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Bird is suing city of Beverly Hills, California over scooter ban

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Bird scooters los angeles
People
ride Bird shared dockless electric scooters along Venice
Beach.

Mario Tama/Getty
Images


  • Bird is suing Beverly Hills,
    California after the city banned its scooters.
  • The company said in the suit that it’s paid more than
    $100,000 in fines to retrieve impounded scooters.
  • “Beverly Hills has gone to the extreme,” the lawsuit
    says, and claims the ordinance violates state
    law. 

When the city of Beverly Hills, California approved a ban on
“shared mobility devices,” or scooters, in August, it quickly
began impounding the vehicles throughout the city.

After being hit with “more than $100,000” in fines from 950
citations from the new ordinance, scooter startup Bird has filed
a lawsuit against the city, claiming “Beverly Hills has gone to
the extreme” and is violating the California vehicle code by
banning its scooters within its city limits.

In a complaint filed November 1, Bird said the city council’s
passage of a six-month ban was a “hasty and deceptive proceeding
riddled with violations of California’s open-meeting, public
participation, and environmental laws.” The company also noted
how the city has fought tooth and nail to fight against a purple
line subway extension, “preferring instead to keep transit riders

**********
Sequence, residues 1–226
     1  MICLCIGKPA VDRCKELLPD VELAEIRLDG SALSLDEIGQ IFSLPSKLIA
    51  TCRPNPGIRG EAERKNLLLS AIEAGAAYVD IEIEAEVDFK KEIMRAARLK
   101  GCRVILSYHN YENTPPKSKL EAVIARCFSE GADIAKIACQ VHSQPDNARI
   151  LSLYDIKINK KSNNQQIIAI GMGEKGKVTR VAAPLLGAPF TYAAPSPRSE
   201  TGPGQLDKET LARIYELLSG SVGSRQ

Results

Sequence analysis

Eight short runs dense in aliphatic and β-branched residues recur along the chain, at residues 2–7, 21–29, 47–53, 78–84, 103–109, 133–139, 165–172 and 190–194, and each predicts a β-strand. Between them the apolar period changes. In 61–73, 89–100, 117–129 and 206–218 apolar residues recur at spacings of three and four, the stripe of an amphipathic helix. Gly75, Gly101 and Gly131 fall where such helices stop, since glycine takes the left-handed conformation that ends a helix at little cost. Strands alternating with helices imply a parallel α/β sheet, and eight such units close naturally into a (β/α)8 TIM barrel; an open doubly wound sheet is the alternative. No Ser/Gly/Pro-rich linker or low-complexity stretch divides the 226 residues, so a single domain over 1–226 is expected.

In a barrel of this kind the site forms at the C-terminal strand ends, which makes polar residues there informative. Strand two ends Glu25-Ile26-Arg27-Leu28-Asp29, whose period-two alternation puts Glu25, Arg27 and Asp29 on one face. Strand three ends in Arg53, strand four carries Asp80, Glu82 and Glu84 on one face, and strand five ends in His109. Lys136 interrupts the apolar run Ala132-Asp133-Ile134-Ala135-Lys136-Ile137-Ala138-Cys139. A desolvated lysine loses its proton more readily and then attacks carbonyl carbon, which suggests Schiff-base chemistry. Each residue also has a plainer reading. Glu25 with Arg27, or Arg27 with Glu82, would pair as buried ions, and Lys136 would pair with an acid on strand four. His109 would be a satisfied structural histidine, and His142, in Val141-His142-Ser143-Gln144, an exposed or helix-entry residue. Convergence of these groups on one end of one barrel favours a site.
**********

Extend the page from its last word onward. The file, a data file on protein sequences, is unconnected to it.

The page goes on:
in communities to the east from reaching Beverly hills.”


Bird scooter invoice notice
One example of an impound notice from Bird’s
lawsuit

Court
documents


A spokesperson for the city did not respond to a request for
comment.

In their discussions at a special meeting in July, city council
members were furious at how Bird and other scooter companies
launched without any warning.

“We need to make this as difficult and as punitive as we can,”
Mayor Julian Gold said at the meeting. 

“I am beyond offended by the manner in which this was rolled out.
I think it’s great technology and maybe it is the right thing,
but to intentionally impose on cities the risks that you as
organizations have done in an effort to make profit, as far
as I’m concerned, is unconscionable.”

Bird says many of the reasons cited by city council members are
false.

“The city council argued that scooters are ‘unregulated,” the
suit reads, again citing the California vehicle code “This is
plainly untrue … if the were unregulated, the solution would be
regulation, which was on the agenda for the Special
Meeting, but now what the city council actually considered.”


Read more: 
Lime
wants to be more than a scooter startup — and it’s hired an
executive from one of the world’s most well-known luxury fashion
companies to help it get there

There was one dissenter on the city council: Vice Mayor John
Mirisch, who said scooters and electric vehicles aren’t
disruptive on their own.

“What is new is the combination and what is perhaps disruptive is
the implementation,” he said. “A lot of these accidents that are
waiting to happen is because people aren’t following the rules of
the road — they do exist.”

Bird says it has been “irreparably harmed” by the City’s
“unlawful actions” and requests in its suit that the court award
it damages, reimbursement for impound fees, and costs of the
lawsuit. A hearing is set for February 2019.

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